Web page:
NOTES on Hebrews
5:11-6:3 (click here for study)
In this passage the writer of Hebrews issues another warning to the Jewish converts. He has just introduced the idea of Jesus being a priest in the order of Melchizedek, but he's frustrated with them because, he says, they are being spiritually lazy. He can't talk to them about the implications of the New Covenant because they are refusing to grow spiritually.
"Though by this time you ought to be teachers," he chastises them, "you need someone to teach you the elementary truths of God's word all over again. You need milk, not solid food! Anyone who lives on milk, being still an infant, is not acquainted with the teaching about righteousness." (v. 12-13)
Although these Jewish converts have a background that's completely different from that of the Corinthians, they are experiencing some of the same problems. "Brothers," Paul wrote to the Corinthians in 1 Corinthians 3:1-3a, "I could not address you as spiritual but as worldly-mere infants in Christ. I gave you milk, not solid food, for you are still not ready. You are still worldly."
Both sets of new believers are not moving beyond their initial understanding of the gospel. They are refusing to grow and are not actively pursuing spiritual depth and maturity. The context of both the 1 Corinthians passage and also of this passage in Hebrews 5-6 makes it clear that the recipients of these letters are actually believers. They are not, however, actively seeking to grow in Christ and be changed by the Holy Spirit.
Spiritual infants still behave in worldly ways. I Corinthians 3:1-4 describes the Corinthians as harboring jealousy and quarreling among themselves. "are you not worldly? Are you not acting like mere men?" Paul chides.
Hebrews 5:11, 13 describes the letter's recipients as "slow [or lazy] to learn" and "not acquainted with the teaching about righteousness."
The Hebrews were steeped in Jewish ritual and tradition. Their temptation was to slide backward into Jewish religious requirements. They had the prophecies and the symbols of the Messiah as part of their heritage.
After hearing the gospel, these Hebrews had become believers. Verse 12 confirms their status by stating that they ought to be at a stage of spiritual growth where they could teach the truth of the gospel. They are not, however, able to teach. They have been "slow to learn", lazy about growing in their understanding of the New Covenant in which they find themselves.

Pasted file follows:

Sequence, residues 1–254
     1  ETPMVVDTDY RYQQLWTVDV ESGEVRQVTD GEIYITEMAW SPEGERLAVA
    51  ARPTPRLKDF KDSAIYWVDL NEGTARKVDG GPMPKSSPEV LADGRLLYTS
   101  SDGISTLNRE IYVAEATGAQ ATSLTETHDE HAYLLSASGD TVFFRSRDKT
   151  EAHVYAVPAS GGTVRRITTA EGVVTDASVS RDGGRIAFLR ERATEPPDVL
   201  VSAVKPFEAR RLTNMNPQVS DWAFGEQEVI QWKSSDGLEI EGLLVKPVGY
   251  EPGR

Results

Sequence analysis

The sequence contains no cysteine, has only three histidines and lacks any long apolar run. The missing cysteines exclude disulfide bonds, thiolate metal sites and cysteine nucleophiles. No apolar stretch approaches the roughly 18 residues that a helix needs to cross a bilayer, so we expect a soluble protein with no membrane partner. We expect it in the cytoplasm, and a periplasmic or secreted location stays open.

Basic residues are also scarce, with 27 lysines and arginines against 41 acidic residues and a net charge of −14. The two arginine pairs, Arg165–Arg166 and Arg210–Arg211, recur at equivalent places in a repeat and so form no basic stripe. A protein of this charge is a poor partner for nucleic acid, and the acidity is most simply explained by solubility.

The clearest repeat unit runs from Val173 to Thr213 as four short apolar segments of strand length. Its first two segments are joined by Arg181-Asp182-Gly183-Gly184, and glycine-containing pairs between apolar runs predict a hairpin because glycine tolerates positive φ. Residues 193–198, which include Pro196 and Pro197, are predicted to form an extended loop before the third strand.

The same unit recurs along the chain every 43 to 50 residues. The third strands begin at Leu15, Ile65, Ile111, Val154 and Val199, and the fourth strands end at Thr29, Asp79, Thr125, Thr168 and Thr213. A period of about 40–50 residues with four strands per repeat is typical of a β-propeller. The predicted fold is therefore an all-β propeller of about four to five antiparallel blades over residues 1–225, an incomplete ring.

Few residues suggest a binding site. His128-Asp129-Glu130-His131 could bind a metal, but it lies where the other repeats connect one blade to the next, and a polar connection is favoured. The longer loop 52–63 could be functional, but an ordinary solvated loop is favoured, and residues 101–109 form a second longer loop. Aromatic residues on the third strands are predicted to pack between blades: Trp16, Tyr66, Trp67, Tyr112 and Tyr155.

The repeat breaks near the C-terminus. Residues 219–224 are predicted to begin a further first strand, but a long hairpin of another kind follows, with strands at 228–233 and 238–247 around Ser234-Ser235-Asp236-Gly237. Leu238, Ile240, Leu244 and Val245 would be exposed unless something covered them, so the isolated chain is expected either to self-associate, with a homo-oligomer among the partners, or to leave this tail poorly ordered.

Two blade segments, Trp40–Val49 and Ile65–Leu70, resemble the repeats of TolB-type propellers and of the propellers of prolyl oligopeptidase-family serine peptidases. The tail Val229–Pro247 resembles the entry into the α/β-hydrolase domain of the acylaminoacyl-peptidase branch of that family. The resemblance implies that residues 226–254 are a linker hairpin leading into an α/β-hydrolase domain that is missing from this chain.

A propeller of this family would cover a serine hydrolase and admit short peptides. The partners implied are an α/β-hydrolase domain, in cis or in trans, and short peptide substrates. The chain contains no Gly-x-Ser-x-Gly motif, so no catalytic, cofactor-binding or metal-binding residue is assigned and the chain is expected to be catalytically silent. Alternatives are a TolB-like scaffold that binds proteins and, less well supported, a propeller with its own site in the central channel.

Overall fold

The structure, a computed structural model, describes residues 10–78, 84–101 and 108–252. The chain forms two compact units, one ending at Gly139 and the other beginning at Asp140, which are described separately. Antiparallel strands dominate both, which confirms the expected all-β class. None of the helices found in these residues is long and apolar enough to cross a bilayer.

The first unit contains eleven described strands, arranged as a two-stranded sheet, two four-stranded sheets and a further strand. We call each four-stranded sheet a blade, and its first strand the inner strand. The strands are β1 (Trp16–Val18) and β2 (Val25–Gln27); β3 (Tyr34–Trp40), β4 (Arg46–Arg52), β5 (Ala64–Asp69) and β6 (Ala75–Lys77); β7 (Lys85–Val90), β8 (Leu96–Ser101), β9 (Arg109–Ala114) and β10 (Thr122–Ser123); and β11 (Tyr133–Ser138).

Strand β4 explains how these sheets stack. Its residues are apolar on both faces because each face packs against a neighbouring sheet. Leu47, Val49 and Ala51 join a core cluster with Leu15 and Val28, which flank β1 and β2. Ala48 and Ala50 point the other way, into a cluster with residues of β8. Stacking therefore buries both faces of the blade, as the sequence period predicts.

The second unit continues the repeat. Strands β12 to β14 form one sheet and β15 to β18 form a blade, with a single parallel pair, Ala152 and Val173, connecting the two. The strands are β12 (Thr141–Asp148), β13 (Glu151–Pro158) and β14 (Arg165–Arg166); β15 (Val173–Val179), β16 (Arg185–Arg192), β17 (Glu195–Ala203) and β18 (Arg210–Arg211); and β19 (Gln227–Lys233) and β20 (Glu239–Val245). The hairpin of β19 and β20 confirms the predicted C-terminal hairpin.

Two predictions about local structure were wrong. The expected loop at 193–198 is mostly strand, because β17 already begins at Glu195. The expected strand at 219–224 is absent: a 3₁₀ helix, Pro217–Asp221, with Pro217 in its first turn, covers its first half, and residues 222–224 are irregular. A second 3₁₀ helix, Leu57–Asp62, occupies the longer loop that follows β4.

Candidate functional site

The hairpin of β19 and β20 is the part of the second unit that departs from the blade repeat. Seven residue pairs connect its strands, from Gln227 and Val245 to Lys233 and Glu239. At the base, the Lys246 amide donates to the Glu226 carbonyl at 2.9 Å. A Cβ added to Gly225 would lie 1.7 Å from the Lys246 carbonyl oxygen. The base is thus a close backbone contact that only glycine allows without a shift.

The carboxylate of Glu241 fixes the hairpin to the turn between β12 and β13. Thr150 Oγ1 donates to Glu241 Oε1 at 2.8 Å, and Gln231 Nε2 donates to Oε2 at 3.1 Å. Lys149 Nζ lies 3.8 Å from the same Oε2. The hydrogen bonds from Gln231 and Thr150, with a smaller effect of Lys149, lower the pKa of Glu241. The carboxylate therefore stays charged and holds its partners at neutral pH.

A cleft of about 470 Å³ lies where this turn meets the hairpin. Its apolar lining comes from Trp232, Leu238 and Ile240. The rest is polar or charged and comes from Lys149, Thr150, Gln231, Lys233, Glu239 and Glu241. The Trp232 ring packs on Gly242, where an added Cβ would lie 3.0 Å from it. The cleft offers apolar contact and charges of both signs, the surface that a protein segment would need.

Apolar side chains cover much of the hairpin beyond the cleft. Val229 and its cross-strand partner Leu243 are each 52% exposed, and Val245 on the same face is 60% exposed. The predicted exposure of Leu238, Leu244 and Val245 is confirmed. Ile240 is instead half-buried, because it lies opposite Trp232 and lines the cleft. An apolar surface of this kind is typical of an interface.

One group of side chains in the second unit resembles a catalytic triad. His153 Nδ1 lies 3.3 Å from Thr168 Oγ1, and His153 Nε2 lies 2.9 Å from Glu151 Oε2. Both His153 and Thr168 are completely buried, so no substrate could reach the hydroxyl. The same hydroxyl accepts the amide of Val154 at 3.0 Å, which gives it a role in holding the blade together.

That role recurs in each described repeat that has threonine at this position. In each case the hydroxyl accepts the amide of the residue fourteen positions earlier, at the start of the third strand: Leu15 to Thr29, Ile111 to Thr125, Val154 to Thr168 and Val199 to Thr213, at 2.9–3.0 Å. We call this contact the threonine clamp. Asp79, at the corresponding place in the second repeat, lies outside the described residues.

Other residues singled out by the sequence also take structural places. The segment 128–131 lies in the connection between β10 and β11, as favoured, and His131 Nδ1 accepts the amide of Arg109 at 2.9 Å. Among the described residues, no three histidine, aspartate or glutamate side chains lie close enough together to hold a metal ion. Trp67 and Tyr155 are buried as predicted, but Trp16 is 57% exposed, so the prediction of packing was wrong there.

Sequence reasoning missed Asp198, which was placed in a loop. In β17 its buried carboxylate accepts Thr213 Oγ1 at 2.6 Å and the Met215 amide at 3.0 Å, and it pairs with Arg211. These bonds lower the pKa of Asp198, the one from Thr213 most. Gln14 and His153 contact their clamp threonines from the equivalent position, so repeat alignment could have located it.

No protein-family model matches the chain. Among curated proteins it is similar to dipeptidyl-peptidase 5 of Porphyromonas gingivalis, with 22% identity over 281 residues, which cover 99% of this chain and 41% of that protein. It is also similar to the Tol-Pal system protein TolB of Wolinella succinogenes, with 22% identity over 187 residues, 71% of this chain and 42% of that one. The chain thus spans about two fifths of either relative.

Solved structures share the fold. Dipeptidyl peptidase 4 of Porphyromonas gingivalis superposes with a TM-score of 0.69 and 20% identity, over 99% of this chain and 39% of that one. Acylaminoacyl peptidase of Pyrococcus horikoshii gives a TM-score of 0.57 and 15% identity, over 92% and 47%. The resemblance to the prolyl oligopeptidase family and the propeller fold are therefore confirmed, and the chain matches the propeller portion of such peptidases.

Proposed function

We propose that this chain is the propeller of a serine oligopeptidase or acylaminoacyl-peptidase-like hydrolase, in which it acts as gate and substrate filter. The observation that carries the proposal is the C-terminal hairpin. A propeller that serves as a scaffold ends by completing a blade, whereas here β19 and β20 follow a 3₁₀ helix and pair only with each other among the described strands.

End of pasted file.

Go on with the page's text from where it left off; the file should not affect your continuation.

Just as the Corinthians' post-conversion temptation was to continue to fight among themselves and to grasp power and status in the ways they were used to behaving as pagans, the Hebrews post-conversion tendency was to be complacent about the gospel and to interpret it through Old Covenant understanding. They were understanding the rudiments of salvation essentially the same way they had understood them in the Old Covenant.
In Chapter 6 the author calls them to "leave the elementary teachings about Christ and go on to maturity." He then identifies these teachings by asking them not to lay again "the foundation of repentance from acts that lead to death, and of faith in God, instruction about baptisms, the laying on of hands, the resurrection of the dead, and eternal judgment."
All of these rudiments of the Christian faith were present in the Old Covenant, although in the Old Testament these rituals were foreshadowing Christ. The Hebrews now understood that Jesus had come, but they were not moving beyond the understanding that Jesus was the object of these teachings. They were not embracing the life-changing power of the Holy Spirit that would lead them to understand the spiritual truths of the New Covenant and take them to spiritual maturity. Apparently they were still seeing the basic teachings about how to come to Christ through Jewish, legalistic glasses. Instead of these elementary teachings becoming springboards to further growth through the power of the Holy Spirit, they instead became stopping places for these Jewish converts who superimposed Jesus onto their Jewish understanding.
Elementary Teachings Examined
The phrase in v. 6:1, "not laying again the foundation of repentance from acts that lead to death," can also be translated, "not laying again the foundation of repentance from useless rituals." These Hebrews had an inheritance of useless rituals. Apparently they continued to be drawn to them.
The author states that they need someone to teach them the "elementary teachings of God's word all over again," (v. 5:12), and then he urges them "on to maturity, not laying again the foundation of repentance from [useless rituals]." He is apparently frustrated because his readers are teetering on the margin between their comfortable heritage and their new understanding of salvation through Jesus. By now the Hebrews should have settled the issues of repentance from works, faith in God, Christian baptism, resurrection, and judgment. These teachings should be transformed for them by their new births. They should not have to keep revisiting the basic steps of salvation. The Hebrews should be growing in Christ and maturing in the Spirit.
Another "elementary teaching" was the laying on of hands. The Israelites had a history of this practice. It accompanied bestowing a blessing (Gen. 48:13-20), the transfer of sins (Lev. 1:3-4), and setting someone apart for special work for God (Numbers 27:22-23)